Hopefully, Big Unit's suffering in Arizona will end this week
Posted: Monday July 26, 2004 12:13PM; Updated: Monday July 26, 2004 12:13PM
Has Randy Johnson thrown his last pitch for Arizona?
Just how much more of this can Randy Johnson take?
The rumors. The losing. The rumors and the losing.
The bad, bad, pathetically bad baseball.
With the clock ticking down on the final week before the trading deadline -- mark your calendars for Saturday at 4 p.m. ET -- Johnson, the Arizona lefty, is in a world of hurt. His club has all but abandoned him. Sunday, Johnson struck out 14 Rockies in eight innings, gave up only six hits and handed a 1-0 lead to his bullpen. To the surprise of no one, Arizona promptly blew it in the ninth. The Diamondbacks lost their 14th straight game.
Johnson has had five July starts. He has limited opponents to 28 hits in 36 innings. He has an ERA of 1.75. And to show for all that, he has a 1-2 record.
To add insult to the lack of run support, Johnson is hounded, every day, with questions about his future.
The Angels? The Yankees? What about staying put in Arizona?
The trade deadline can't get here soon enough.
Johnson is reportedly scheduled to meet with Diamondbacks owner Jerry Colangelo early this week, and if the Big Unit says he's had enough, Colangelo ostensibly will look harder into trading him. But it's not that easy. Nothing is these days for Arizona.
The Diamondbacks, so they say, would prefer Johnson stick around for next year when the team should be better despite his $16 million a year price tag. But if the Unit wants out, he wants out, and the Diamondbacks have to listen to offers. They already are.
The Yankees want Johnson -- owner George Steinbrenner practically has said so -- and Johnson reportedly has the Yankees at the top of his list of "Places I Want to Go ... If, You Know, I Decide I Really Want to Go."
Last Monday, Tagg Bozied, who plays for the Class AAA Portland Beavers, hit a walkoff grand slam, and when he came around to touch home plate, all his teammates joined him for the now familiar bouncing-up-and-down thing. Somewhere in the middle of the celebration, Bozied felt a sudden pain in his leg. Yup. He had ruptured the patellar tendon in his left knee. He's lost for the season. "If I ever get lucky enough to hit another game-winning home run," he said, "I am definitely not jumping on home plate."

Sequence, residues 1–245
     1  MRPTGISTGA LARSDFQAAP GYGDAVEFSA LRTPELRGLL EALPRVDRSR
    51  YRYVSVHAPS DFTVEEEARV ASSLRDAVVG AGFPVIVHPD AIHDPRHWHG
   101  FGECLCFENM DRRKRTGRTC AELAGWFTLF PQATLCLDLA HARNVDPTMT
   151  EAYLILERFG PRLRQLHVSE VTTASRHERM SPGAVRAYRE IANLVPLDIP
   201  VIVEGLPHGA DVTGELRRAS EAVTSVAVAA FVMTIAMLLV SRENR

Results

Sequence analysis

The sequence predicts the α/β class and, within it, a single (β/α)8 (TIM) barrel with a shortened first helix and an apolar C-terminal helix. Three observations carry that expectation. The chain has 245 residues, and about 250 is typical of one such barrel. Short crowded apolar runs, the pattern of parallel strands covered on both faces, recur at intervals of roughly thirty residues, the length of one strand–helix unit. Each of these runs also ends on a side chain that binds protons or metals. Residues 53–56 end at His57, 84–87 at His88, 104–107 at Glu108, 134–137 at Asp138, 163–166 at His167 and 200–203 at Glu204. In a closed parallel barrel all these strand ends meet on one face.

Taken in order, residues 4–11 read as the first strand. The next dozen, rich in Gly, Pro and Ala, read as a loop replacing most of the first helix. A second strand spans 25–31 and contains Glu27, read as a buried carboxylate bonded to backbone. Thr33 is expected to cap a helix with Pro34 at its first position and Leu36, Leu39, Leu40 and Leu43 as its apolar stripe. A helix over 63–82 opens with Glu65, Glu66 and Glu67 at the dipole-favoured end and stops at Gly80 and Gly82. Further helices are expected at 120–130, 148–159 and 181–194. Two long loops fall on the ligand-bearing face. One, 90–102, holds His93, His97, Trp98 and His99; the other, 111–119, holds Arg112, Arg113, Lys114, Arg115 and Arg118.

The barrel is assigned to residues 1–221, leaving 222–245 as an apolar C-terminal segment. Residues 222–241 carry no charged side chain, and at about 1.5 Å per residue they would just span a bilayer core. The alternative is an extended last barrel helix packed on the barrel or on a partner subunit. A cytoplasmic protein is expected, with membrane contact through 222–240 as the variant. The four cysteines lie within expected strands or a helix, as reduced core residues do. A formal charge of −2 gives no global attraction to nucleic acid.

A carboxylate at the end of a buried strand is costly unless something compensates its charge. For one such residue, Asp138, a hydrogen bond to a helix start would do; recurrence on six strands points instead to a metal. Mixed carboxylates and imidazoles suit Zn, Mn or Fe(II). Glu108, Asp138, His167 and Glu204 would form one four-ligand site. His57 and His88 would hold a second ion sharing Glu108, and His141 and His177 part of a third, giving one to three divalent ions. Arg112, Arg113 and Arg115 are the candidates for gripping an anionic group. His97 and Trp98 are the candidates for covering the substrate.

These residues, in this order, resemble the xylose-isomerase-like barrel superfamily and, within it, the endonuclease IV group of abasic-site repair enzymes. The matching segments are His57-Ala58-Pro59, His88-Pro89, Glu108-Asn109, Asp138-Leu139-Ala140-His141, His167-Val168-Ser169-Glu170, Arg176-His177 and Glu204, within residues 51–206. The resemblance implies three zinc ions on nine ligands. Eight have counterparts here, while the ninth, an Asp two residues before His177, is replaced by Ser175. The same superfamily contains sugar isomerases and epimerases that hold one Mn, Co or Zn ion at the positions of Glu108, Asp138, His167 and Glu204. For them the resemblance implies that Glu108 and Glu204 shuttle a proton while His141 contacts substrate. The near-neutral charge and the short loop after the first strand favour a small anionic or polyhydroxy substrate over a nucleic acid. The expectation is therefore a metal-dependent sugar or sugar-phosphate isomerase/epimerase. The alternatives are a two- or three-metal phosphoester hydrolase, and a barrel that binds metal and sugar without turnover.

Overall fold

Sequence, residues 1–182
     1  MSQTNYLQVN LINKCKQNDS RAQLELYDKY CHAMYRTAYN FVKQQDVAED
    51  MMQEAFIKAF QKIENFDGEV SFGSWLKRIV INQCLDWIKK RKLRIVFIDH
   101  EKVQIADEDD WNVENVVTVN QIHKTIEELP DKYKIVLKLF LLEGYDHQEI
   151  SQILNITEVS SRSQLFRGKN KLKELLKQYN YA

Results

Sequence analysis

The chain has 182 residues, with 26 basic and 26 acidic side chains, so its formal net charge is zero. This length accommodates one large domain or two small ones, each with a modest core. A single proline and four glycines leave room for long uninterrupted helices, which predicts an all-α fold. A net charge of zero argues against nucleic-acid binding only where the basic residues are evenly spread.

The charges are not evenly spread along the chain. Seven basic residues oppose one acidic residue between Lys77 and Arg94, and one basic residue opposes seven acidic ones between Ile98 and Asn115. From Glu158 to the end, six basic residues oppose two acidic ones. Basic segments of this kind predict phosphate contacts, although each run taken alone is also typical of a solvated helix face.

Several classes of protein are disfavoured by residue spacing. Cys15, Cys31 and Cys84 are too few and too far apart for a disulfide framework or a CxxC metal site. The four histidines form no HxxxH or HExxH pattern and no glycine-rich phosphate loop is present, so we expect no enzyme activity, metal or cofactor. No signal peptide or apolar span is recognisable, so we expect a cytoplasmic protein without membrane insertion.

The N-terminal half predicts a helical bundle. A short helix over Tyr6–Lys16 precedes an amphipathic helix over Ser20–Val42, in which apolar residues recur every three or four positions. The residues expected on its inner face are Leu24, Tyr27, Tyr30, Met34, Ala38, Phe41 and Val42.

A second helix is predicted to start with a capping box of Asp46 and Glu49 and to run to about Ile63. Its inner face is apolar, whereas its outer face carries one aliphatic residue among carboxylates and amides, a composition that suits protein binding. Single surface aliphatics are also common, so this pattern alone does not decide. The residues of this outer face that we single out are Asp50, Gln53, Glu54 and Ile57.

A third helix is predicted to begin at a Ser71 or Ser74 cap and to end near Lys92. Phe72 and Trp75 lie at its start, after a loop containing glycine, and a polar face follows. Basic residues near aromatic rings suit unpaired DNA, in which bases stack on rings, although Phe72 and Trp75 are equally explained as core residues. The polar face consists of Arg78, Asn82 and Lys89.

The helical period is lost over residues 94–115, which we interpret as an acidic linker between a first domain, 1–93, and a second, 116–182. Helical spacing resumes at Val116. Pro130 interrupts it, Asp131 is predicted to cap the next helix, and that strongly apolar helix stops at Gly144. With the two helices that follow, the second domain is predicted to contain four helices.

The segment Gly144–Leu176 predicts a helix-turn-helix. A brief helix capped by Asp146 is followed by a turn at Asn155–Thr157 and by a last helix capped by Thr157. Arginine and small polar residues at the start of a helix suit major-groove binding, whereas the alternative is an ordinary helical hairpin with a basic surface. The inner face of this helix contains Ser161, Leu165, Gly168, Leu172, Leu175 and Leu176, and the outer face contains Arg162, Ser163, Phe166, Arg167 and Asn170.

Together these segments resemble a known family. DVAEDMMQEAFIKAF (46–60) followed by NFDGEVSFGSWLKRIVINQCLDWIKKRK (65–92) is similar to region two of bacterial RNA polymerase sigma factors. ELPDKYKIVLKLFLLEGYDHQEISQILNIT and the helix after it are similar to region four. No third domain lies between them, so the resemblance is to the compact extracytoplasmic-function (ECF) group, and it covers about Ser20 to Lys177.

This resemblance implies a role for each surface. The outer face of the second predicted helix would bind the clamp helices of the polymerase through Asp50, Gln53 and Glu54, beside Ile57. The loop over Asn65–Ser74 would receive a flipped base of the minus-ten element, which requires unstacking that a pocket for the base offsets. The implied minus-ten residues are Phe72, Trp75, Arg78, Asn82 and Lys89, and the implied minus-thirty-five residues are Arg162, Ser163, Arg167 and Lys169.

A reason the Indians keep hanging around, and now finally are on the good side of .500, is big designated hitter Travis Hafner, who is hitting .380 with eight homers and 26 RBIs this month. His 1.308 OPS in July is second only to the guy in San Francisco and a reason to believe the Indians are headed in the right direction.
"You know, if I have to be associated with that home run, that's fine with me, too. Kirk can have that moment for the rest of his life. I'm in the Hall of Fame. See ya."
-- Dennis Eckersley, on the game-winning home run he allowed to Kirk Gibson in Game 1 of the 1988 World Series
But the Yankees may not have the mature prospects Arizona wants for its prized pitcher. So do the Diamondbacks let the Yanks have him anyway, just to keep the guy who helped Arizona win the World Series in 2001 happy? (The Yankees, to be fair, would be taking about $24 million off the Diamondbacks' payroll, too.)
But what about the bad vibes between these teams? The Yankees, remember, stole David Wells away from the Diamondbacks a few years ago after Wells had agreed to come to Arizona.
And what if the Angels come up with a better deal than the Yankees? Do the Diamondbacks try to talk the Unit, who has a no-trade clause in his contract, into that?
Come on, deadline. Hurry up.
Johnson, of course, remains the most recognizable name to be tossed around in baseball's annual trade frenzy. There are others, including Kris Benson, Pittsburgh's lanky right-hander.
Benson has a 1.88 ERA in his past five starts, the best stretch of his career. At least six teams, including the Angels, Mets, Rangers and Twins, are after him. His trade value, after nine straight quality starts, couldn't be higher.
But Monday night he's scheduled to pitch again, against the Braves at Pittsburgh's PNC Park. The operative word there is "scheduled." Do the Pirates pitch him and risk an injury, especially if he's at the peak of his value?
The Phillies, reportedly, are closing in on another Diamondbacks player, center fielder Steve Finley, who is hot enough (the Padres and Marlins also want him) to demand that he stay in center field, wherever he goes.
And there will be others talked about. The Indians are only 4 1/2 games out of the AL Central, so they're looking. Lou Piniella wants help for the Devil Rays. The Marlins and Mets are in the NL East race despite being two and three games under .500, respectively, and they'll be major players this week. The Astros are a .500 team and they're listening. Everybody wants in.